How to Win an Aesthetic War: On Bernard Stiegler’s Symbolic Misery

Daniel Tutt

How do we think political conflict that impacts all aspects of social life, from the family to public institutions? What domains of private and public life are affected by a form of conflict which is ubiquitous? The Greek term stasis has been invoked to theorize this form of ever-present conflict by a number of contemporary political philosophers from Giorgio Agamben, to the radical anonymous collective Tiqqun, to Bernard Stiegler.

Aristotle understood stasis as a form of conflict where two domains of social life overlap: family relations and private life (oikeios) with external social conflict (polemos). This dual structure to stasis blurs the line where the conflict originates and where it ends.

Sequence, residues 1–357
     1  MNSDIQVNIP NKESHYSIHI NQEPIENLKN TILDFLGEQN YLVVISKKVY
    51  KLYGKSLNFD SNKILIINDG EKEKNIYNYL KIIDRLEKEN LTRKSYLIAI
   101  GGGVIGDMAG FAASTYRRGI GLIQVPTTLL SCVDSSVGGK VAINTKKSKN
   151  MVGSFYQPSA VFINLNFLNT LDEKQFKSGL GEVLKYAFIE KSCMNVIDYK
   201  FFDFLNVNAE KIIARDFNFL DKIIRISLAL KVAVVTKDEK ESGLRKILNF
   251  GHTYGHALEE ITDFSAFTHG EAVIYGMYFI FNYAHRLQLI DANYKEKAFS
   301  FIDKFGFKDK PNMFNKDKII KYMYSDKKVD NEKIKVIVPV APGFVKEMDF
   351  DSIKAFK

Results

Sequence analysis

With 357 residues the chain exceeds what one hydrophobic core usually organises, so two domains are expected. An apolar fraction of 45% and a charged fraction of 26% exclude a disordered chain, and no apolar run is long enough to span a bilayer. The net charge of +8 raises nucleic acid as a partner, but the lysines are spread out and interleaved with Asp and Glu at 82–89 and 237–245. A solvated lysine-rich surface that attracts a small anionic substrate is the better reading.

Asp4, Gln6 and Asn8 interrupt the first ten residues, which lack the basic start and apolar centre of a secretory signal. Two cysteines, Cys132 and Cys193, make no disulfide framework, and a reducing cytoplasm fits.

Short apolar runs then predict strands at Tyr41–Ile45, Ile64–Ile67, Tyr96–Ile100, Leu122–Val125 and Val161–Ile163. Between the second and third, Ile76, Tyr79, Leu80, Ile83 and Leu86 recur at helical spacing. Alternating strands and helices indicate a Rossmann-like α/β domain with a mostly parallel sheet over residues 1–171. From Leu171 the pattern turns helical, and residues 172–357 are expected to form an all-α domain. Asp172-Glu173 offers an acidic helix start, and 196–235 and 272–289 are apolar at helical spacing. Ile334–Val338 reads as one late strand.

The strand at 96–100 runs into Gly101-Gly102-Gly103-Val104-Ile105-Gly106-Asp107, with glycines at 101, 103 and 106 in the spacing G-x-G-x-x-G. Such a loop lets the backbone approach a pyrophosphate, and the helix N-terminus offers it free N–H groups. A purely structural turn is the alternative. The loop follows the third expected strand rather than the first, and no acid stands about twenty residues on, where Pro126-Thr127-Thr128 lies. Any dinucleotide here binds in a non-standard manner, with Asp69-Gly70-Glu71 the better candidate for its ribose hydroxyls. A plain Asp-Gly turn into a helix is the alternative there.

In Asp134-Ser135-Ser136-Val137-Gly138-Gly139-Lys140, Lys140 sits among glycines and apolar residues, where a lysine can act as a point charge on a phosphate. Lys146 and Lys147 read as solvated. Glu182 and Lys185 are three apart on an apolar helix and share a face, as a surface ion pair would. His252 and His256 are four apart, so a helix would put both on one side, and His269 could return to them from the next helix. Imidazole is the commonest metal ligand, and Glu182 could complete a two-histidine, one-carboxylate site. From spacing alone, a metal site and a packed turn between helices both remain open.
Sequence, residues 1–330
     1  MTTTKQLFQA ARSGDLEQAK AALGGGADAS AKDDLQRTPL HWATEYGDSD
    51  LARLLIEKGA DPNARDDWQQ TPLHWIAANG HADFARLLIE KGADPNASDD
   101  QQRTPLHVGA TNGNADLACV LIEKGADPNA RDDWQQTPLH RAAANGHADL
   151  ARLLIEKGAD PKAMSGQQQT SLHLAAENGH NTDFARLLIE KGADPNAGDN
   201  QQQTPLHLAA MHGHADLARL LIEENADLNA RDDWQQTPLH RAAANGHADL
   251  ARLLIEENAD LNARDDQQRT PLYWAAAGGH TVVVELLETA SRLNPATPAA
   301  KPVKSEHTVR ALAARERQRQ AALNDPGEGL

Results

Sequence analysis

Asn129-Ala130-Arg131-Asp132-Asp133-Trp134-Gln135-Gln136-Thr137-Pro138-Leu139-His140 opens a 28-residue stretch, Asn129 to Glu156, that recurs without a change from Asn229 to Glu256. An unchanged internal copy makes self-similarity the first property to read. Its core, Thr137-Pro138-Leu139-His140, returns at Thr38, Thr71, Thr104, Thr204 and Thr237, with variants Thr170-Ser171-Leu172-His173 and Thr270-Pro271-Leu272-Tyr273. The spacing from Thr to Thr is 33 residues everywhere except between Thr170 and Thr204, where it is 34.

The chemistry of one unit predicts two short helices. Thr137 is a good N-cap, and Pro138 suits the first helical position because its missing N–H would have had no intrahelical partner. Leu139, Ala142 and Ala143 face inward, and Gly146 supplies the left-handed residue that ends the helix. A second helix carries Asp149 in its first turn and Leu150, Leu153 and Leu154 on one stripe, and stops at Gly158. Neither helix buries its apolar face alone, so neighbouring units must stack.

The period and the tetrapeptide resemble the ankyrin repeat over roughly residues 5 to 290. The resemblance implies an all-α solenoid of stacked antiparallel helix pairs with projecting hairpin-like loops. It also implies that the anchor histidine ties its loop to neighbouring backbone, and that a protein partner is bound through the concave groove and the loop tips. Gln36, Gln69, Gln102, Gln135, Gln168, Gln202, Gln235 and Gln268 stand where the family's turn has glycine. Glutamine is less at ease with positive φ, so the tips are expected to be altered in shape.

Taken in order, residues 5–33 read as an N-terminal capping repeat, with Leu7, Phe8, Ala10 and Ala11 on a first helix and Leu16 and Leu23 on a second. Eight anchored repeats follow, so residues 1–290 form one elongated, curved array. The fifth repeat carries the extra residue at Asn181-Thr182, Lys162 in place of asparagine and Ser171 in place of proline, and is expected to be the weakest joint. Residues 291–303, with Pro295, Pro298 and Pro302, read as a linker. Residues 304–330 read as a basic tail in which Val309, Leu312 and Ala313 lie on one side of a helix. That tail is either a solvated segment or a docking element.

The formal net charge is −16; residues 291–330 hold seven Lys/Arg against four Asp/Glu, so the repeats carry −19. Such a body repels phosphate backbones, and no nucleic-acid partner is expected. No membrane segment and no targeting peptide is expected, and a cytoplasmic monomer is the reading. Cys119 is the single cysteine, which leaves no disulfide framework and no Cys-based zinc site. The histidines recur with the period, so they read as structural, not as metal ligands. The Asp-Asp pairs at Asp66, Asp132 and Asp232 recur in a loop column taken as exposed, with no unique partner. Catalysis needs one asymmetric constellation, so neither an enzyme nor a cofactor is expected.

In Symbolic Misery: Volume I: The Hyperindustrial Epoch, the French philosopher Bernard Stiegler introduces a theory of stasis based on a deterioration of the aesthetic field first and foremost. The aesthetic is the site of…

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